I can't help feeling that Bob Crow, the trade union leader, must be a bit aggrieved at having been shunted off his mortal coil while the party is in full flow. A champagne socialist, he enjoyed the good things in life and luckily managed to have a three week holiday before he departed. Crow was an avid Millwall supporter (the boys in my family tell me that says it all), as such both the football club and his union share the unofficial motto "Nobody likes us and we don't care"!! He was also anti Monarchy (wanting Tony Benn as President), anti EU and pro the death penalty. One can only hope there was a strike on the day he knocked at the Pearly Gates.
On a different note according to the Racing Post they were watering parts of the course at Cheltenham last week. Bizarre - but at least there is no shortage of water with which to do so.
As it would seem that spring has sprung, the work I am going to recommend is Beethoven Symphony No 6 known as "The Pastoral Symphony" and the recording is by Simon Rattle and the Vienna Philharmonic. This symphony has five movements rather than the typical four movement symphony of the Classical Period.
Beethoven wrote nine symphonies each one preparing the ground for the next and all of them culminating in Symphony No 9, the mighty Choral Symphony. The Symphonies are a must for any music library, they are all glorious, uplifting and easy to listen to.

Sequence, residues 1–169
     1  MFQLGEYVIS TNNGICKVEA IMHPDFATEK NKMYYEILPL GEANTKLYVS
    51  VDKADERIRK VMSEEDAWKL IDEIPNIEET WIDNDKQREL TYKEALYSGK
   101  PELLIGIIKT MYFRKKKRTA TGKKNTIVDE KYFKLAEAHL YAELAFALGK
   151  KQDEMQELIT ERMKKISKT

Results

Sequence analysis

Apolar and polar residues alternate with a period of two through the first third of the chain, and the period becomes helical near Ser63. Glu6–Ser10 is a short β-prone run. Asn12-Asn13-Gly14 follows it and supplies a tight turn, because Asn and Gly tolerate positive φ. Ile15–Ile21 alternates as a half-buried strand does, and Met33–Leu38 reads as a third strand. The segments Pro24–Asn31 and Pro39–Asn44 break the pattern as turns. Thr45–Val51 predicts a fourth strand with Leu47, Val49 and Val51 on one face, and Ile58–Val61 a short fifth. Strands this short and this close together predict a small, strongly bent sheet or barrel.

Beethoven was a lover of nature who spent a great deal of his time on country walks and Symphony No 6 is one of his few works which contains explicit program music - music which depicts a scene. Hence in the second movement you can hear babbling brooks and birdsong, country dancing in the third and a raging thunder storm in the fourth. He labelled the symphony "Recollections of country life" and each movement was given a subtitle which translates as follows:
1. Awakening of cheerful feelings
2. Scene at the brook
3. Merry gathering of country folk
4. Storm and tempest
5. Shepherd's song, cheerful and thankful feelings after the storm
Many believe that this symphony houses some of Beethoven's most beautiful writing despite the fact that tragically he was almost deaf at the time of writing it. Some say this was caused by lead poisoning but it ultimately led to his death.
On this recording Symphony No 6 is coupled with Symphony No 4. The latter was a commission from the Sicilian Count Oppersdorff and in general is sunny and cheerful with light instrumentation more akin to the symphonies of Joseph Haydn with whom Beethoven studied for a decade. Symphony No 4 is often over-shadowed by by the revolutionary Symphony No 3 "The Eroica" and the much celebrated Symphony No 5. But Hector Belioz was so enamoured with the second movement that he claimed it was the work of Archangel Michael and not that of a human.
Liverpool born Simon Rattle is one of the world's leading conductors. He was appointed Chief Conductor and Artistic Director of the Berlin Philharmonic Orchestra in 2002 which is one of the most renowned orchestras in the world. Although there are rumours that he is coming back to the London Symphony Orchestra in the not too distant future.
Listen to an excerpt of Simon Rattle conducting the Berlin Philharmonic in the final movement of Beethoven Symphony No 6 on youtube
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